Mumbai’s 17 YO Siddharth Pillai Designed A 3D-Printed Coral Reef To Revive Aquatic Life!

Believe it or not, our aquatic ecosystem is in grave danger! Thanks to the unauthorized dumping of pollutants and waste into the water bodies in addition to relentless fishing, we have successfully destroyed the homes of many sea creatures.

The only solution is to mend our ways and look for alternative solutions to save marine life. And this innovative discovery by a 17-year-old boy can definitely be the game-changer.

Coastal crusader and avid diver, Siddharth Pillai, 17, creates a 3D-printed coral reef in Pondicherry. Over the last…

Posted by Temple Adventures on Tuesday, July 16, 2019

Siddharth Pillai is a coastal crusader who created an artificial reef model that marine animals can call home.

According to HT, Pillai designed and patented a system of interlocking blocks, assembling them along the Pondicherry coast to create India’s first 3D-printed modular artificial reef. An avid diver and a class 11 student from Mumbai, he is the first Indian to create a modular artificial reef in Pondicherry.

“They (corals) lose colour, crumble and die in 30 days. Seeing dead coral on the seafloor is disgusting and heartbreaking.” Bleached coral also stops hosting marine life, and erodes shorelines, compounding ecological problems. The fact that no one in India knows this or was doing anything about it gave me anxiety,” he said.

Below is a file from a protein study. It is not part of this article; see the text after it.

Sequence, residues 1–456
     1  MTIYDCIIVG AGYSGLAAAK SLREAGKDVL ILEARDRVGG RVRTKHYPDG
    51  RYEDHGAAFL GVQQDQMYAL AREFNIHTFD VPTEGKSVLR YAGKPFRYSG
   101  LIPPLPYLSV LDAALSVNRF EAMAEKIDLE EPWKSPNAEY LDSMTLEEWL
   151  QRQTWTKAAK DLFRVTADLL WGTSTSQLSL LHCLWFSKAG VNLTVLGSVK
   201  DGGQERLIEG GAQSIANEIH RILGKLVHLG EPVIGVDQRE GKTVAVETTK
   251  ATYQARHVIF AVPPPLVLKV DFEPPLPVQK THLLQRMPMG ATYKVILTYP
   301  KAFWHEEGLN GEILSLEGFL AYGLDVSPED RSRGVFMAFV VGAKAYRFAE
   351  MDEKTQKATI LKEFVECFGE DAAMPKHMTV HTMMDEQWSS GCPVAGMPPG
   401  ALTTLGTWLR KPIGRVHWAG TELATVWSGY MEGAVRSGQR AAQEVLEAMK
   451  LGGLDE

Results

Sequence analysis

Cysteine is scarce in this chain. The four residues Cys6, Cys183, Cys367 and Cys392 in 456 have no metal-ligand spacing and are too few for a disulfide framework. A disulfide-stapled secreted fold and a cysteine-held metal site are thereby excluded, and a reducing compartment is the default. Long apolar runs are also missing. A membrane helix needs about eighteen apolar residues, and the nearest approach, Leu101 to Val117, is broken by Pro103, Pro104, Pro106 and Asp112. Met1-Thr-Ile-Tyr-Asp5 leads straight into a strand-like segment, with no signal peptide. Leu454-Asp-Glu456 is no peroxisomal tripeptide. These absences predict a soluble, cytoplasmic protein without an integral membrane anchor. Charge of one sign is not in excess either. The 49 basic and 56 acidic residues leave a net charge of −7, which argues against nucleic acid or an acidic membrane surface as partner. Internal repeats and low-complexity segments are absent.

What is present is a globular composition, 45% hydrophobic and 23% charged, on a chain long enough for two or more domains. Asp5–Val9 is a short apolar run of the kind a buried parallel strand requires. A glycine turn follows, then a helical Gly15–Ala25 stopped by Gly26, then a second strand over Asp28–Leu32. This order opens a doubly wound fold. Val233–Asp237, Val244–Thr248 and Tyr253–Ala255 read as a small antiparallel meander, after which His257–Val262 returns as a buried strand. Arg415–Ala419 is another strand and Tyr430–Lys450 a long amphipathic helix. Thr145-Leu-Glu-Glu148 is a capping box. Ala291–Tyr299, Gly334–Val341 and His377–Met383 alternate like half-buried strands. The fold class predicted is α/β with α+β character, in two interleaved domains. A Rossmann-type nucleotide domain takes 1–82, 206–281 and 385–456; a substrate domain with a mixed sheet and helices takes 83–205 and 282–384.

On the quest to replace the crumbling coral reefs that house millions of marine life, he started looking at alternatives and stopped at experimenting with the 3D printing technique as suggested by his father.


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“I took a 45-day course in May 2018, working out a way to make the model porous, so coral can latch on to it.” He filled in the prototype mould with cement mix at home “wrecking the balcony”.

Pillai has spent the greater part of 2018 working with Temple Adventures, a dive centre at Pondicherry to create a model for an artificial coral reef structure which is cast in a dolomite-cement mix, and since the blocks connect to each other, it’s easier to build, assemble and scale.

The reef (the largest section of which spans 20m) was installed two weeks ago and experts estimate that it will start hosting marine life in roughly a month.

The artificial reef created by Pillai is only a skeleton upon which corals can latch and grow, housing the marine animals. But to restore corals and save marine habitats, we need to reverse the effect of global warming as early as possible.

Cover image: unsplash

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